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It's not just the high altitude that will take your breath away at Salar de Uyuni, in Bolivia. The world's largest salt flats make for a truly unearthly road trip
“How long will it take?” I shout to the driver from the back of the overcrowded jeep. “Si!” he responds enthusiastically. I try again: “What time do we stop for lunch?” “Si!” he grins, his eyes flashing happily in the rear view mirror. It is at this point that we realise our ‘English-speaking’ guide perhaps doesn’t have the language skills boasted on his CV.
There are eight of us in total, crammed into the dusty 4x4; me, my girlfriend, our two Canadian friends, two giggling Israeli girls, Maria the cook and the driver who we have now dubbed ‘Si’. We are careering through the Bolivian wilderness on our way to the Salar de Uyuni and the trip of a lifetime.
Two days earlier we had arrived in Uyuni. A sleepy, nondescript town miles from anywhere, it functions as the jump-off point for people setting out on tours of the salt flats that stretch, seemingly forever, across the southwest of Bolivia. Amongst the countless tour operators, all eager to attract the tourists trickling into the town from La Paz, Peru and beyond, it is difficult to know which to choose. Colque Tours (www.colquetours.com) are one of the largest and most established, but my advice is to wait until you get there and see which one looks best for you. You may want to travel with some friends you have met on your travels, and booking in advance would make this more difficult. Many of the companies work with each other to fill their vehicles, so promises are sometimes broken and people shifted from jeep to jeep.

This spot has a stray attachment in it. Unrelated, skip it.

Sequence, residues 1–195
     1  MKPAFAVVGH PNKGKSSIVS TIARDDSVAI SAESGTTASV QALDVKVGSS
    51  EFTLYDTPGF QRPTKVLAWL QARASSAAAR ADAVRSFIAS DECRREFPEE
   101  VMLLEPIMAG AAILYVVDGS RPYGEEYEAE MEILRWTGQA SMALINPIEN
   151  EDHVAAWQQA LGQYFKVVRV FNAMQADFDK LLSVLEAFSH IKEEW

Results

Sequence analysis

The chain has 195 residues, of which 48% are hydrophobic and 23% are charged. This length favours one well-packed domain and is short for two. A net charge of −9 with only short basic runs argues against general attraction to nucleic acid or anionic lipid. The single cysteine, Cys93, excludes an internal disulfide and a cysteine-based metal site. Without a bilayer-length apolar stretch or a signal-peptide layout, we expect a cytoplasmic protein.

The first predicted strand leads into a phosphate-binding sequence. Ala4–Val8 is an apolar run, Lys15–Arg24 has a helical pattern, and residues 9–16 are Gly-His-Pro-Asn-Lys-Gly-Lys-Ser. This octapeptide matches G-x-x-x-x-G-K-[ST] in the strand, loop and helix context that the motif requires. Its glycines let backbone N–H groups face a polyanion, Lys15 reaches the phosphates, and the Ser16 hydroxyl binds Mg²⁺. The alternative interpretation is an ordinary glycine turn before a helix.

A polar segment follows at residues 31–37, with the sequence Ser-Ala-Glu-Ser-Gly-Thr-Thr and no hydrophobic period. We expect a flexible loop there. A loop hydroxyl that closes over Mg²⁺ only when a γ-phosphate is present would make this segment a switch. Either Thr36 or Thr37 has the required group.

There are various different options when choosing a tour. We chose a three-day tour ending at the Chilean border (where we would then take a connection to San Pedro de Atacama in Chile). You can end your tour back in Uyuni if you wish. A three-day tour shouldn’t cost more than $60, with four-and five-day tours costing between $80 and $100. Our trip would take us across the Salar de Uyuni, through the mountainous land beyond and on to the border at the southwest tip of the country. We would reach heights of almost 5,000 metres and witness some of the most unearthly landscapes known to man.
Most operators make Uyuni’s ‘train graveyard’, just outside the town, their first stop. Here, there are a number of old and rusting locomotives incongruously dumped in the desert. The dark red, skeletal structures make for a bizarre sight against the brilliant blue of the Bolivian sky. After this we visited Colchani, a small village on the edge of the salt flats, where the salt is processed and packaged for selling. Old ramshackle buildings, ancient techniques and a small museum make for an interesting point of call but we were itching to see the salt in its natural state.